There was nervousness in Lydia's voice.
I sensed her nervousness; or panic.
I could see my wife's nervousness; picking at her fingers, chewing her lip, twirling her hair.
Her nervousness grew as she looked down the beach.
No sense of nervousness, no indication he had anything to hide.
Dean muttered an agreement as he began to open Dawkins's bureau drawers, more out of a nosy nervousness than anything sinister.
Kiera glanced at her, hearing the nervousness for the first time.
In an attempt to calm his wife's progressive nervousness, and because he too felt like a snort, Dean broke out a jug of left over Christmas cheer.
"I don't want to talk to them," she answered, the nervousness apparent in her voice.
Aside from the dark moods of Rissa and Sirian, Taran sensed nervousness in the guards.
But he resigned it either from conscientiousness, or crotchet, or nervousness at responsibility, or indolence, or more probably from a mixture of all four.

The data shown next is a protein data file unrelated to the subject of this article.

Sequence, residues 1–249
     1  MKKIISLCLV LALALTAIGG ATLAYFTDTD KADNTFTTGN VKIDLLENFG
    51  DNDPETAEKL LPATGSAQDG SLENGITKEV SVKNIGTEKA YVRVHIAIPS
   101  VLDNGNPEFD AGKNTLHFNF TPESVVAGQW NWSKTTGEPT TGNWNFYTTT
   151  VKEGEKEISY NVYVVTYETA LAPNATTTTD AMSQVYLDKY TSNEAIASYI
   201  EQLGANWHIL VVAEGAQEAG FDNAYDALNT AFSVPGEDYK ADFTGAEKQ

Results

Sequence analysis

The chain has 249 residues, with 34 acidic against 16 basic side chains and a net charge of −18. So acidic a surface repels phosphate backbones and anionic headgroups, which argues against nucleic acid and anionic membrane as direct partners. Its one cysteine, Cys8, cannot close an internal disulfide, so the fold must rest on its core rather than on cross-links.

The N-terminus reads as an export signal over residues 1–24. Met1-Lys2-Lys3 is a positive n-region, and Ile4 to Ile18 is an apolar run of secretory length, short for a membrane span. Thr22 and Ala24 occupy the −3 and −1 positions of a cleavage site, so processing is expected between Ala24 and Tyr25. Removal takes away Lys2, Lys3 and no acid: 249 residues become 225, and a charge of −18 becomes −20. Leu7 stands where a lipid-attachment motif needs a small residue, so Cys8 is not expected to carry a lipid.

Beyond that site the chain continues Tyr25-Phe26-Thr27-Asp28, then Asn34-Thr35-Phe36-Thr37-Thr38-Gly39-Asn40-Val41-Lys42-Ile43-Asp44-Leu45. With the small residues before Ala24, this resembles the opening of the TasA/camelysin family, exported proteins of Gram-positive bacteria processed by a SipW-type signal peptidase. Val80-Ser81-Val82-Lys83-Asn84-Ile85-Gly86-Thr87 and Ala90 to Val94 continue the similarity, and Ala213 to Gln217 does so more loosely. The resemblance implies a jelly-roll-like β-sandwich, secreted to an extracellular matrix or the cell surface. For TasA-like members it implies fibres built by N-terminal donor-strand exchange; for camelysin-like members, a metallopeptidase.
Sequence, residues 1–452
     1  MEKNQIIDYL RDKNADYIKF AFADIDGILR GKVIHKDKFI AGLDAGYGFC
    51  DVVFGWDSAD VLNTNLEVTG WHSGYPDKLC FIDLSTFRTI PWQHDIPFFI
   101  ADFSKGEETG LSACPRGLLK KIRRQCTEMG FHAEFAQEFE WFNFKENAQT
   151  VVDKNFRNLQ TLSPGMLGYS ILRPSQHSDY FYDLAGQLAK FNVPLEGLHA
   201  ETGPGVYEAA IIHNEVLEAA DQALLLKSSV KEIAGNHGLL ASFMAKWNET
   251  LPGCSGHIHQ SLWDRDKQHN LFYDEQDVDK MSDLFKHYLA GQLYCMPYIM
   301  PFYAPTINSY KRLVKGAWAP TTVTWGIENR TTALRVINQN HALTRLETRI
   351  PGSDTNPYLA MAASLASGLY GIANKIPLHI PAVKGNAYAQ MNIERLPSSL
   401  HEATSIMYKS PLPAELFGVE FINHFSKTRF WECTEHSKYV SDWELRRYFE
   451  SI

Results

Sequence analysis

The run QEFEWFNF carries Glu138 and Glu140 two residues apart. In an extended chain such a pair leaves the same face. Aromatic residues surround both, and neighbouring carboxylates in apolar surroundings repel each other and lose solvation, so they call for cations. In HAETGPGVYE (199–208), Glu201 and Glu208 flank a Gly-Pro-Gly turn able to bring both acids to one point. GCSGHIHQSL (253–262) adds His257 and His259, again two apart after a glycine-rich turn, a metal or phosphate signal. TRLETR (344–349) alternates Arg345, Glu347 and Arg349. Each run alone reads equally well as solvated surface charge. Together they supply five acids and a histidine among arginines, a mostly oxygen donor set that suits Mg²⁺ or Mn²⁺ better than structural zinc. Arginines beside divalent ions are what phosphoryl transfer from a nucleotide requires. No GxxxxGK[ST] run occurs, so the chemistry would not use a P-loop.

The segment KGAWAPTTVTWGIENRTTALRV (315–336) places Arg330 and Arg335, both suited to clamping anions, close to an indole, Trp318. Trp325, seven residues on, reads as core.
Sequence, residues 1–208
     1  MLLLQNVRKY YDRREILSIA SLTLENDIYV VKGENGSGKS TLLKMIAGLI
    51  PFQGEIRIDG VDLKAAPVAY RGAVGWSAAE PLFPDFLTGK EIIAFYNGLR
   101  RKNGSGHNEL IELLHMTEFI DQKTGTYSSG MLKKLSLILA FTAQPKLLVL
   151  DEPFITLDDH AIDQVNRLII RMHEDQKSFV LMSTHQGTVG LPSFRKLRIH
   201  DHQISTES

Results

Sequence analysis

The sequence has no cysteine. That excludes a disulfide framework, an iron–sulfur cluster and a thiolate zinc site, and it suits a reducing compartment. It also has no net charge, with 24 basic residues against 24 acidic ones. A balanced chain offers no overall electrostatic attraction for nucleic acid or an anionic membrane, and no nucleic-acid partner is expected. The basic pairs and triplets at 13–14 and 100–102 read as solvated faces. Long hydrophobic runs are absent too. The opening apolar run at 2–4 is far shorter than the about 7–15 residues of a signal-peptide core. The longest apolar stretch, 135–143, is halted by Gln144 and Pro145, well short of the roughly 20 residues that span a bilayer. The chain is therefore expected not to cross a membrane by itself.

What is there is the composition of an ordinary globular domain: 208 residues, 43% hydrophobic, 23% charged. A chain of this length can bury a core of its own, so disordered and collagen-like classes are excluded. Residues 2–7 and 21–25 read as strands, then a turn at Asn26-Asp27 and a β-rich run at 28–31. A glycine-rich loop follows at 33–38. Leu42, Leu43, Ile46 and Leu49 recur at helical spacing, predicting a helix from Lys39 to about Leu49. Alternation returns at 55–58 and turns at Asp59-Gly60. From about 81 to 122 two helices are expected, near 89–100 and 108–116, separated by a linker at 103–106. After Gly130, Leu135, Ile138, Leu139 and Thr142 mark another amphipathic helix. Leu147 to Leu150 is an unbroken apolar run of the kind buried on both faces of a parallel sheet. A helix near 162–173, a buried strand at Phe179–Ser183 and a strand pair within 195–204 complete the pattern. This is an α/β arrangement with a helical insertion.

This nervousness was, in 1903 and 1904, especially evident in the efforts to wea~ken the FrancoRussian alliance by the policy of what Bebel denounced as Germany crawling on her stomach before Russia.
It may be objected that candidates are heavily handicapped by nervousness in oral examinations, but this objection does not afford sufficient ground for rejecting the test, provided that it is supplemented by others.
Natasha felt offended by the hesitation she had noticed in the anteroom, by her father's nervousness, and by the unnatural manner of the princess who--she thought--was making a favor of receiving her, and so everything displeased her.
Cynthia Byrne, in spite of reddened eyes and trembling nervousness, was a very attractive woman.
The disasters of the early part of the second Punic War revealed an unparalleled religious nervousness: portents and prodigies were announced from all quarters, it was felt that the divine anger was on the state, yet there was no belief in the efficacy of the old methods for restoring the pax deum.
In some people, however, nervousness is induced; and the winds, in particular, often have this effect.